TiVo Name Lives On, but Integration Work Looms

Rovi’s acquisition of TiVo went through without a hitch last week, but now comes the hard part — integrating and shaping the new company and its product lines, and determining its long-term retail strategy.

Many of those questions are still to be answered as the new company, which is keeping the TiVo name and giving the Rovi brand the boot, starts to act on a plan expected to generate $100 million in synergies.

“The near term for us is really about pulling the two companies together and trying to get them humming as best we can,” Tom Carson, president and CEO of the new TiVo, said last Wednesday (Sept. 7), the day the $1.1 billion deal was closed.

“We’ll go through each of the product lines — everything from traditional set-top box guides to Internetconnected guides to search [and] recommendations technologies, all of the [areas] where you have overlap, and figure out what is best-of-breed and how do you want to optimize all of those solutions,” Carson said. “No decisions have been made on any of the product lines.”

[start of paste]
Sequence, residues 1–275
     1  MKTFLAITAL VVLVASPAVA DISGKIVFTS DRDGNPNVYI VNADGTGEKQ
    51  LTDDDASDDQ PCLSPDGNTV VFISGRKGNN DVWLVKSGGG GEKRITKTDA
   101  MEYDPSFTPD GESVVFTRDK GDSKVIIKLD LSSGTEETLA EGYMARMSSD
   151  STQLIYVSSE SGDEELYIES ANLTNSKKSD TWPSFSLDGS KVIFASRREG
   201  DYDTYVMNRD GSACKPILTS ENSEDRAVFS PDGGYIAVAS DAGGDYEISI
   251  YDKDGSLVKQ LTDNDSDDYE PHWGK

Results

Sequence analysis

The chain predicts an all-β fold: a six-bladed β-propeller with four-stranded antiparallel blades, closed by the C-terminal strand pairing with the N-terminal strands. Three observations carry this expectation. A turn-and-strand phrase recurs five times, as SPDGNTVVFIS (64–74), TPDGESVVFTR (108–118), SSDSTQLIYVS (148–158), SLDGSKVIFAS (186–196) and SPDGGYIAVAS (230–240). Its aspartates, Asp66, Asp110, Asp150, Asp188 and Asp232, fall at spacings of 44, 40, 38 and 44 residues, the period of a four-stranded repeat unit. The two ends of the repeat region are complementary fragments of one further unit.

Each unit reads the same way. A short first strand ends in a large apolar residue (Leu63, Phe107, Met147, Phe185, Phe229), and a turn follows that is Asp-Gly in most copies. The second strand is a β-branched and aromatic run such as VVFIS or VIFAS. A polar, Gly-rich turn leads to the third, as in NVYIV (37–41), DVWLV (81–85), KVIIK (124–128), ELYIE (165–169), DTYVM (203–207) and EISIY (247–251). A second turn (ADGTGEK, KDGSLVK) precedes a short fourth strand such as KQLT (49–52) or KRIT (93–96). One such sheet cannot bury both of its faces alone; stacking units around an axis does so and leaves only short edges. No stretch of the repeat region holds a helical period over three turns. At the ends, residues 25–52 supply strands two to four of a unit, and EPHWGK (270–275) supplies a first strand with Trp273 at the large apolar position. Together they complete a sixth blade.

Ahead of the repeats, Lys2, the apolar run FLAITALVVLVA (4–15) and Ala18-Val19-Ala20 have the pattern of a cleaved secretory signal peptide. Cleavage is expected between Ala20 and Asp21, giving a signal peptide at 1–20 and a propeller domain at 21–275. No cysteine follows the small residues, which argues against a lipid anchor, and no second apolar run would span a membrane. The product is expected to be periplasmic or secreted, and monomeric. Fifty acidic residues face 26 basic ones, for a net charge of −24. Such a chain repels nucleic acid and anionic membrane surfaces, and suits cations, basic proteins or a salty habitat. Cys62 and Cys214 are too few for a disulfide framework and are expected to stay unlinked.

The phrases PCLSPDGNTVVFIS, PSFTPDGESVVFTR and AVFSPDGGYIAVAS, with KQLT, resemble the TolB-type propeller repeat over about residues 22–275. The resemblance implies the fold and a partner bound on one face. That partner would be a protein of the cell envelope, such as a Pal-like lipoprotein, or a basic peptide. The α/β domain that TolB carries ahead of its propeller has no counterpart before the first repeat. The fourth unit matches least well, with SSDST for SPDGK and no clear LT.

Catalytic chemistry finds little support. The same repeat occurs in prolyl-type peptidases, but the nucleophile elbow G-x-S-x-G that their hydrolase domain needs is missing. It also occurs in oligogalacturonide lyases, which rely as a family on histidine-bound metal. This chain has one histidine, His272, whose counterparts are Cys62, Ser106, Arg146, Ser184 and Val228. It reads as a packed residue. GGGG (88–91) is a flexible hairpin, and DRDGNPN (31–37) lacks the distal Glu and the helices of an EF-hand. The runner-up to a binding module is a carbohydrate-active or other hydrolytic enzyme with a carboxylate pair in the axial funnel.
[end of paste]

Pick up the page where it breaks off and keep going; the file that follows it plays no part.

Also to be decided is the future trajectory of TiVo’s retail strategy. TiVo was apparently still pushing ahead in that area before the deal was wrapped up — Federal Communications Commission documents show that TiVo is developing “Mantis,” a network DVR product with integrated over-the-air TV capabilities that is seemingly targeted to cord-cutters.

“The consumer business is something that is still of interest to us,” Carson said. “Having product in consumers’ homes is beneficial on the product development side and can help us with the products we develop for service providers.”

But Carson said the trend with service providers — to offer hardware-agnostic software, apps and interfaces — is an angle TiVo will also consider for its retail business. If there are questions about how to go forward, “it’s about what’s the right hardware strategy for the consumer business,” he said.